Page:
Bulldogs get schooled at home by Florida

Credit: SEC

Florida opened the second half with a 20-7 run to build a 16-point lead and eventual 92-84 win over the Bulldogs in Athens.

Credit: SEC

ATHENS — Georgia got schooled Saturday afternoon on how to play as a team. The Florida Gators were more than happy to provide the lesson.

The Gators out-hustled and out-executed the Bulldogs on the way to a 92-84 victory at Stegeman Coliseum. Don’t let the final score fool you. Georgia wasn’t within three possessions until the final minute and its hack-and-jack strategy pared the margin. Florida was not in jeopardy of losing for the final 10 minutes of play and really all but the first two minutes of the second half.

The half-hearted effort in the fundamental areas of the game left coach Tom Crean bamboozled.

“I didn’t see it coming, but we did,” Crean said when asked if his team was out-hustled. “We’d been aggressive in practices. We’d even backed them off so they were short and concise. But the aggressiveness we had against Kentucky and Ole Miss and the last couple of days wasn’t there at all.”

Georgia trailed by only three points at halftime, but had only four deflections at that point, a third of its normal defensive production. Then Florida opened the second half with a 20-7 run to build a 16-point lead.

The Gators stayed ahead by double digits until the game’s final 1:12. The Bulldogs fouled to stop the clock and extend the game, but it all was too little, too late.

Georgia got in the predicament it was in because of fundamental breakdowns and a lack of urgency in its play. The Bulldogs were annihilated on the backboards 41-27, with Florida recording 16 offensive rebounds and scoring 22 second-chance points. Meanwhile, Georgia missed 11 free throws and let the Gators shoot 56.9 percent from the floor.

“Our performance at the free-throw line and the lack of defensive tenacity, especially at home, was frustrating,” said Georgia point guard Sahvir Wheeler, who finished with 10 points and 10 assists, but played only 10 minutes in the second half. “We can’t be out-rebounded like we were today and win games.”

It was Florida’s third win in a row over Georgia and snapped the Bulldogs’ modest two-game winning streak. Georgia (9-5, 2-5) will have a lot of fundamentals to work on before Wednesday’s trip to South Carolina (7 p.m., ESPNU).

Georgia guard K.D. Johnson (0) prepares to shoot a free throw during a game against Florida Saturday, Jan. 23, 2021, at Stegeman Coliseum in Athens. (Tony Walsh/UGA Sports)
Georgia guard K.D. Johnson (0) prepares to shoot a free throw during a game against Florida Saturday, Jan. 23, 2021, at Stegeman Coliseum in Athens. (Tony Walsh/UGA Sports)

Credit: UGA Sports

Credit: UGA Sports

The Gators (8-4, 5-3) were still playing without three of their top players, including SEC preseason player of the year, Keyontae Johnson. Sophomore guard Tre Mann proved an unstoppable force, scoring 24 points, including eight from the free-throw line in the game’s final minutes. Four others finished in double figures, and Florida was 7-of-18 from 3-point range.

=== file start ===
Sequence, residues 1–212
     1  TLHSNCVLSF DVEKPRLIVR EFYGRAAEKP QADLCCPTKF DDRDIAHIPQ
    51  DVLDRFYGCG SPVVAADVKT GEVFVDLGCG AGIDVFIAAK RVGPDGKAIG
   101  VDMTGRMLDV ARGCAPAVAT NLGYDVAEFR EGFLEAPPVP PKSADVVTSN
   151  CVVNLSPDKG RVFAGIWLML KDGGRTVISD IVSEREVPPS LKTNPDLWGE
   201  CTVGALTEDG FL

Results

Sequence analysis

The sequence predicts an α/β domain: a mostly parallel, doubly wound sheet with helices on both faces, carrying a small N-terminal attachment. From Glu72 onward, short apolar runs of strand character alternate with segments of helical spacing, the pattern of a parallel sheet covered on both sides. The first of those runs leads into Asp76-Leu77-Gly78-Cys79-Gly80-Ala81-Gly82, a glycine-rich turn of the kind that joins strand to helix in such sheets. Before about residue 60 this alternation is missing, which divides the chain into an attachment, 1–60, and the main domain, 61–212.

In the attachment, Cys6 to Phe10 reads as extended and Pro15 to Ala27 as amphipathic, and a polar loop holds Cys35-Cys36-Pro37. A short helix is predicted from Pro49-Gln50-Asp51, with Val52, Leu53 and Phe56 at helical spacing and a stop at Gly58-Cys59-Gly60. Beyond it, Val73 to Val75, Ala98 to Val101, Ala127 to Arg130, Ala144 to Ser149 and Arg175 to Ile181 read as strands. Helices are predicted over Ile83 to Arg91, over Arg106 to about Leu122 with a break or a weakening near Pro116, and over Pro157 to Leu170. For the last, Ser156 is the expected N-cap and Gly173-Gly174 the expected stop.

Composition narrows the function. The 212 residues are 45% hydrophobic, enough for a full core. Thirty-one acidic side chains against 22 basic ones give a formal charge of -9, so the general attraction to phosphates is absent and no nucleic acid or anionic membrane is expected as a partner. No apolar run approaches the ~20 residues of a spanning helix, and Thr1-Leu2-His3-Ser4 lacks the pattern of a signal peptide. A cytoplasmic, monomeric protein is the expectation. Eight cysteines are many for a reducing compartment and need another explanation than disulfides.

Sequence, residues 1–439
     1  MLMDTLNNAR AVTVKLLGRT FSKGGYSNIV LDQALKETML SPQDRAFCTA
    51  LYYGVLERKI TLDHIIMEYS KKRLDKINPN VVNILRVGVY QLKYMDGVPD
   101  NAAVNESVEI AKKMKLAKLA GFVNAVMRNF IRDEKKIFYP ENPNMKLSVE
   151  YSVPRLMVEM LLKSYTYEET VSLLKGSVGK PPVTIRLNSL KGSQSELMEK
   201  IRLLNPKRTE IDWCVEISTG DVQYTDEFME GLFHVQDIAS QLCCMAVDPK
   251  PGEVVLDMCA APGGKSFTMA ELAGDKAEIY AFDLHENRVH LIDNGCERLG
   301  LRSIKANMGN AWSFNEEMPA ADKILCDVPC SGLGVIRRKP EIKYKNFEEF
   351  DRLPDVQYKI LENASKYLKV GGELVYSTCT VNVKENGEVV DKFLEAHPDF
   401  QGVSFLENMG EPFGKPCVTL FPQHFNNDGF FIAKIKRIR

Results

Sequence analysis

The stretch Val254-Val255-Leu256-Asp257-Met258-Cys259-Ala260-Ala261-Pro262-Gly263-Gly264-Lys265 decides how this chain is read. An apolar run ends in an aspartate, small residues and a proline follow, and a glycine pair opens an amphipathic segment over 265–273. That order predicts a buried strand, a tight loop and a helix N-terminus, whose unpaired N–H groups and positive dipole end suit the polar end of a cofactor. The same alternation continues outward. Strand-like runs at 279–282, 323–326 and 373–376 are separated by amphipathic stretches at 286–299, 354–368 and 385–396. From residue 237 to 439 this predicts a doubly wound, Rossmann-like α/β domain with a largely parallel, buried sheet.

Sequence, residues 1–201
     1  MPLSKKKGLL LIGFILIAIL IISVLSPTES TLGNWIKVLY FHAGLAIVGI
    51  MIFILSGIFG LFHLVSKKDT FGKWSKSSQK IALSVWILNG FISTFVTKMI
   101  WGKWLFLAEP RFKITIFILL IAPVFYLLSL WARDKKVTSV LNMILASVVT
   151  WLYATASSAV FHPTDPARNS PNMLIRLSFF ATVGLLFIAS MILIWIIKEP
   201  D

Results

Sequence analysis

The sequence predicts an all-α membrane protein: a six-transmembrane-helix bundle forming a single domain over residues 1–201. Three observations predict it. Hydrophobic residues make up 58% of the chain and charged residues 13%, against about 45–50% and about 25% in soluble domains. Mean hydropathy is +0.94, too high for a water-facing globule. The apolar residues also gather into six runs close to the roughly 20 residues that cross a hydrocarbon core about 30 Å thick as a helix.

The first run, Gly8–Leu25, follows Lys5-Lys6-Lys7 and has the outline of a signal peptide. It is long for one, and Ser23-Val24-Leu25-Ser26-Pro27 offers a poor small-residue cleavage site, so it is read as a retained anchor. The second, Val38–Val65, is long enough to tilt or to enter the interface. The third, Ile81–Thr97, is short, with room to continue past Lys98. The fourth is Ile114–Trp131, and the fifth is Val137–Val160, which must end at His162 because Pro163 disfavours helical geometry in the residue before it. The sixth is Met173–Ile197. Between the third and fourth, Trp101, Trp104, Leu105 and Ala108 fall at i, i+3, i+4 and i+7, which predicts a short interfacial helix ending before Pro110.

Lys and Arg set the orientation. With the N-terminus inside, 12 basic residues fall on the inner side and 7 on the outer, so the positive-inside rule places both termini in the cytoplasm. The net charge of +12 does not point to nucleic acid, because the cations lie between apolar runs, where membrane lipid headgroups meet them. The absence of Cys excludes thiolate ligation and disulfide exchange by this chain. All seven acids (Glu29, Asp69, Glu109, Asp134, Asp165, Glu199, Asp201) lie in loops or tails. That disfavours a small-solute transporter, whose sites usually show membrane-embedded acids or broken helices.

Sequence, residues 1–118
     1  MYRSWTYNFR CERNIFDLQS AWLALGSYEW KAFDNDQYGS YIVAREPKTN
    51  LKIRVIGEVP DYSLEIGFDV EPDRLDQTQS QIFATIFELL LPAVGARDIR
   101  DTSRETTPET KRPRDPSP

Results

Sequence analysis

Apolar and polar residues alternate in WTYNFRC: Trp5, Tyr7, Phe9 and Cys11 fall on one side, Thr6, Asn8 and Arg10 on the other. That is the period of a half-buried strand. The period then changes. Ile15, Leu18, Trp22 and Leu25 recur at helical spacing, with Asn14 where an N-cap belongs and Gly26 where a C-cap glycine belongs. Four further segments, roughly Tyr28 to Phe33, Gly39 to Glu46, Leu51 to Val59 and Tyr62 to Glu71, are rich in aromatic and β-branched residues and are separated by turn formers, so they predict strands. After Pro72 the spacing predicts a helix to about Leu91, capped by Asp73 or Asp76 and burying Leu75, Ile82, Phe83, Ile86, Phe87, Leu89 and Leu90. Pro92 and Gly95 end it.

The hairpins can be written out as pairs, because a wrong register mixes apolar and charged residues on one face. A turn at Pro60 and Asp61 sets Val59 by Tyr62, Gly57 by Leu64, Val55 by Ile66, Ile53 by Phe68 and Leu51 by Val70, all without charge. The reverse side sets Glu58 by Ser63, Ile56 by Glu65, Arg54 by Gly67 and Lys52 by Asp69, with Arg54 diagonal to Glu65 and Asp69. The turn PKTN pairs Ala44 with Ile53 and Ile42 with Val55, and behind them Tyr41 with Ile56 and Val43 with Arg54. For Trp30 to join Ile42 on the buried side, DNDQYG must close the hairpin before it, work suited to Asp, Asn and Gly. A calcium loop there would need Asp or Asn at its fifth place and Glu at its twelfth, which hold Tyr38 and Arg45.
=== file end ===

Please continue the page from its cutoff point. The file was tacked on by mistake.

Andrew Garcia led the Bulldogs with 17 points, and K.D. Johnson scored 12 of his 16 points in the second half. Georgia shot 54.2 percent as a team, but forwards Garcia, Toumani Camara and P.J. Horne had only 10 rebounds among them.

One of the bright spots for Georgia was Jonathan Ned, who made both of his 3-point attempts and grabbed two rebounds in 10 minutes of play.

“We can’t be out-rebounded like we were today and win,” Crean said.

All nine of the lead changes in the game occurred in the first half. The Bulldogs last led 30-29 on Camara’s free throws with 6:13 to go in the first half.

Georgia had a chance to carry the lead into halftime with possession of the ball down one with 30 seconds to go. But Wheeler missed a layup, then Justin Kier committed a turnover. Florida’s Omar Payne tipped in a missed shot at the buzzer to put the Gators up 42-39 at the half.

Florida opened the second half with a 16-3 run fueled by four Georgia turnovers and the Bulldogs’ 1-of-5 shooting. That put the Gators ahead by 16.

“To me, those few minutes were the difference,” Florida coach Mike White said. “If we had not gotten that lead, I am not sure we would have been successful late because we really struggled to guard them. They shot, what percent? Twenty-two assists, 13 turnovers. I mean they were terrific offensively. Thank goodness we were good offensively as well.”

Florida’s lead was never again threatened. The Gators were up 17 with 6:27 to play when Georgia started to intentionally foul. The closest the Bulldogs got was the final margin of eight points with four seconds to play.

In the end, if Georgia simply had made its free throws, it would have been a competitive game.

“We’ve just got to step up at the line and make free throws; this is college basketball,” Crean said. “I don’t have a lot of sympathy for that.”

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